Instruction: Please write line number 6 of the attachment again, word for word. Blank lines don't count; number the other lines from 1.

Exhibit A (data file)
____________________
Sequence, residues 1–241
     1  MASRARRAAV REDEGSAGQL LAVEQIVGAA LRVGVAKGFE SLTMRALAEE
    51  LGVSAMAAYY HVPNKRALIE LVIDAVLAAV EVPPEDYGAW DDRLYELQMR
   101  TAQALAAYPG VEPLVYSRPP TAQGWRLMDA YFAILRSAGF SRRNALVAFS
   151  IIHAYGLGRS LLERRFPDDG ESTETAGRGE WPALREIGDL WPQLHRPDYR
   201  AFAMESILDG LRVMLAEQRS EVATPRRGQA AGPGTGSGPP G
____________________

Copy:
   201  AFAMESILDG LRVMLAEQRS EVATPRRGQA AGPGTGSGPP G